There are still eight games worth of NCAA basketball lines available for betting – including four on Friday – so it’s not quite time to hang up on the madness just yet.
After a brutally bad first day of parsing NCAA Tournament odds, I took everything back to formula. I let the second-round games play in the background last weekend as I mounted a fresh dive into the nuances of tournament point spreads.
The data was particularly revealing.
For one thing, favorites enjoyed a 13-7 ATS advantage throughout the early games on Tuesday (First Four), Wednesday (First Four), and Thursday – all days where fresh bettors are entering the market, looking to capitalize on the ubiquitous advice to bet on underdogs.
It’s possible that this could be a coincidence; it’s also possible that the NCAA odds were slanted toward the favorites just a touch.
After Thursday, the dogs had a much better record: 19-13 ATS, with 10 outright upsets by seed.
There was one key market inefficiency I identified in my research, and I’m using it to mark target sides throughout this second week of the tournament.
This trend successfully identified Arkansas (+9.5) as a compelling dog in its Thursday night outright upset of Gonzaga, and it’s now pointing toward one Friday game as well.
NCAA Odds: The Magic Zone for Betting on Tournament Underdogs
Particularly in the early rounds, NCAA tournament games tend to fall into one of three categories.
First, there’s the hopeless cases. We’re talking about No. 1 seeds beating down on No. 16 seeds and games with massive 20-point spreads. Upsets are very rare here – though they do happen every once in a while. Am I right, Saint Peter’s?
What are the odds 🤯
Saint Peter’s Peacocks are +650 to head to the Elite 8 tonight… pic.twitter.com/pr7VhAFXkv
— Action Network (@ActionNetworkHQ) March 25, 2022
On the other side of the spectrum is the total toss-up game. Think about 8/9 matchups here, or perhaps a No. 7 that’s only a 1.5-point favorite over a No. 10. Bracketologists are probably just going with their gut and hoping for the best; in an actual handicap, bettors are probably laying out on a lot of these completely.
In both of these cases, consistent point spread trends are hard to find. Big underdogs catching 20 or more points can sometimes squeak a cover in. Other times, they are completely blown out. Montana State, Norfolk State, Jacksonville State, and a few others are good examples in this year’s tournament.
On the toss-up front, favorites held a big edge this year. Teams that were favored by 1-4 points 15-6 ATS throughout the first two rounds, though I personally assessed this to be anomalous data.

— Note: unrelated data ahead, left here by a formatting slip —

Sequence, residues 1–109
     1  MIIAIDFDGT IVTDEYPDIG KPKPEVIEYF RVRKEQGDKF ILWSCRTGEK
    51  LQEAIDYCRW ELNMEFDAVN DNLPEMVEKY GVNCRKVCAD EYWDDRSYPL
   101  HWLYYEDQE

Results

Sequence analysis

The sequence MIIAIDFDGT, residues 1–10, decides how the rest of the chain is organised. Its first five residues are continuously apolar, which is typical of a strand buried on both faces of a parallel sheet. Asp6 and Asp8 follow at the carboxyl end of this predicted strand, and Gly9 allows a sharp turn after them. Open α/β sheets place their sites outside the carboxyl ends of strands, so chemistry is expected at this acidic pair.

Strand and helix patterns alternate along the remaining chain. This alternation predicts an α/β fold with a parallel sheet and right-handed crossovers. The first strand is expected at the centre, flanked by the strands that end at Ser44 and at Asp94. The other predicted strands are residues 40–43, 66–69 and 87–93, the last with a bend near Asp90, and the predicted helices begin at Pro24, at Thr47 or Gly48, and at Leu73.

This year’s tournament has been marked by dramatic and memorable upsets, but many of the competitive-on-paper games fell toward the favorites. Historically, this is not necessarily true of the tournament.
Aside from these two broad outcomes on either end of the spectrum, there is a middle ground of upsets with extremely high ROI potential.
Underdogs who closed between 4.5 and 8.5 points were massively profitable during the first week of the NCAA tournament, finishing 11-4 ATS with six outright money line upsets.
This zone is what I like to call the “money line parlay” zone – where it seems like one team is going to win, but uncertainty about cover potential pushes bettors to consider a short parlay of multiple favorites.
But with the tournament creating this much annual carnage, it’s much more profitable to blind bet outright upsets for underdogs in this zone, rather than try to piece together money line parlays that are likely to fail.
Lest you think this trend was specific to this year’s NCAA basketball odds… it’s not. I went back and checked tournaments from previous years, and the trend holds up.
Some outright upsets from last year from this zone that you might remember: Oral Roberts (+7.5) over Florida, Loyola (+7) over Illinois, and Oregon State (+6) over Oklahoma State.
Thursday night, Arkansas closed at +9.5, which means they don’t technically fall into this category. However, the Razorbacks did open at 8.5, which was enough to make me consider looking at the Gonzaga upset a little more carefully.
For Friday’s games, one specific matchup falls neatly into this category: Providence (+6.5) vs. Kansas.
The ROI on these numbers is enough by itself for me to bet Providence on the spread and the money line, but that’s not the only data indicating the Friars are the right side.
There’s a mountain of professional money that has moved this number from its opening line at +8 down to its current position at +6.5.
The numbers speak for themselves. If you only hit the online sportsbook for one NCAA tournament bet on Friday, make it Providence plus the points.